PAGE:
I like the one about an itinerant grifter, Lamb To the Slaughter is another hit, any of the anthologies are good. I find their pacing tight and their length shorter than many, I too often find short stories too long for what I want.
posted by SaltySalticid at 1:00 PM on August 4, 2019


You Think It, I'll Say It by Curtis Sittenfeld
posted by anderjen at 1:19 PM on August 4, 2019


You could look into various flash fiction collections, like this one.
posted by sigmagalator at 1:30 PM on August 4, 2019


You Are Not So Smart and its sequel, You Are Now Less Dumb, are books based on author David McRaney's science blog about human self-deception and self-delusion, and other cognitive fallibility we mostly manage to live with. Having been blog entries, they're long for a blog but not overly long for book chapters.

Any book by Jon Ronson will have unrelated chapters, as they are generally collections of his journalism, united by a theme but separate. They're all good, but he does report on a lot of extremists who say a lot of extreme things.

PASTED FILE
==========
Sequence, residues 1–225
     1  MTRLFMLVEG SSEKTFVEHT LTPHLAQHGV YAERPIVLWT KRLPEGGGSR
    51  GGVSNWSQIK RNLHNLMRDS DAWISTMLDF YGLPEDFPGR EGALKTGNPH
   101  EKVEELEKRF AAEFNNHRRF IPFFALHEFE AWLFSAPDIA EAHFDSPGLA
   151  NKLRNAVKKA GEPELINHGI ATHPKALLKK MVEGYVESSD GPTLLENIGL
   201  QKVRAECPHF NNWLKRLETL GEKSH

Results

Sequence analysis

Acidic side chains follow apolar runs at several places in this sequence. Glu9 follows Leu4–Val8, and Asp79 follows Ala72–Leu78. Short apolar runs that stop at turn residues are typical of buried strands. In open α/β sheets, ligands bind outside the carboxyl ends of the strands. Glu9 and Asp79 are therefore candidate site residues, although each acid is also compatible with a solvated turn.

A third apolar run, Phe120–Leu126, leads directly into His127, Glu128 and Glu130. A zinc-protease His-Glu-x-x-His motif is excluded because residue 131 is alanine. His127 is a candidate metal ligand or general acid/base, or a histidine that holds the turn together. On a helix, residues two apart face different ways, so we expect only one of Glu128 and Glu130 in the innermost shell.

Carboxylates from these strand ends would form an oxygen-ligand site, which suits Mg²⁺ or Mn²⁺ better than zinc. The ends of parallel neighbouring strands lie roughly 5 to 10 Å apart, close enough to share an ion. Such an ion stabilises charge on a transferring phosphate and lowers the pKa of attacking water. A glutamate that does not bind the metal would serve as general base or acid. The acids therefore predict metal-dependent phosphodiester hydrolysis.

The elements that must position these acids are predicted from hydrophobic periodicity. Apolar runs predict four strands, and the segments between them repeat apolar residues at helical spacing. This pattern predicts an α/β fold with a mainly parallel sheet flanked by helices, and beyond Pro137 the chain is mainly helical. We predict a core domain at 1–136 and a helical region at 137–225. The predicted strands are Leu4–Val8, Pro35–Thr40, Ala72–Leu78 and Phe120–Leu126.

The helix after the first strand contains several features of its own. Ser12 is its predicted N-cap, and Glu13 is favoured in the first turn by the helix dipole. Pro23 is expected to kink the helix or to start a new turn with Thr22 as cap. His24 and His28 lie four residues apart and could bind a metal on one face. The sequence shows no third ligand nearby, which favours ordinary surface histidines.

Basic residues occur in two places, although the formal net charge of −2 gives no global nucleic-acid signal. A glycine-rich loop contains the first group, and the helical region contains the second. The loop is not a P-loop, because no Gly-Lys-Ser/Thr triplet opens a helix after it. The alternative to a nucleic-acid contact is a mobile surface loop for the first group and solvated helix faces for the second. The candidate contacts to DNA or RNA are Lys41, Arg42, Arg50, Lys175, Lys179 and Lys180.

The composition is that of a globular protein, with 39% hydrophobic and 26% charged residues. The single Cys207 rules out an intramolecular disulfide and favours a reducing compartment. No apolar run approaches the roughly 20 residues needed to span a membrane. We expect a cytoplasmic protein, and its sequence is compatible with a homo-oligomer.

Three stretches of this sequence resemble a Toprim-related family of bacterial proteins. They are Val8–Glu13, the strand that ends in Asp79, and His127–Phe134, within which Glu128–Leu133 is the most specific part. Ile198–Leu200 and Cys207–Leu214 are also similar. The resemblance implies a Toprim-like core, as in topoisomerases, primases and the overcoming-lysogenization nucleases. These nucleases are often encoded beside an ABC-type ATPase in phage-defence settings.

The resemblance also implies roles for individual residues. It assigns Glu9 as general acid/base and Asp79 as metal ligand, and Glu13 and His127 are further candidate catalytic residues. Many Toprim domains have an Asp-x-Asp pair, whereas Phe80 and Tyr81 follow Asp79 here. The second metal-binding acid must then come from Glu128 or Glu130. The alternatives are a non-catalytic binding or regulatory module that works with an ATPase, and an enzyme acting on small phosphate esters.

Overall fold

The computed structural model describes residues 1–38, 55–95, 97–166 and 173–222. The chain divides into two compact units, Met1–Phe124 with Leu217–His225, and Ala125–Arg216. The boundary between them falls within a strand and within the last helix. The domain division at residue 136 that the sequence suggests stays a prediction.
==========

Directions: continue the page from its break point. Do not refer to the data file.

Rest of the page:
The Unpersuadables: Adventures with the Enemies of Science, (in some countries, "The Heretics:...") by Will Storr, is likewise a collection of stories about dogmatic people who cannot or will not be persuaded by counter-evidence, and discusses what that says about human cognition, and what an entirely normal state that sort of thinking is.
posted by Sunburnt at 1:39 PM on August 4, 2019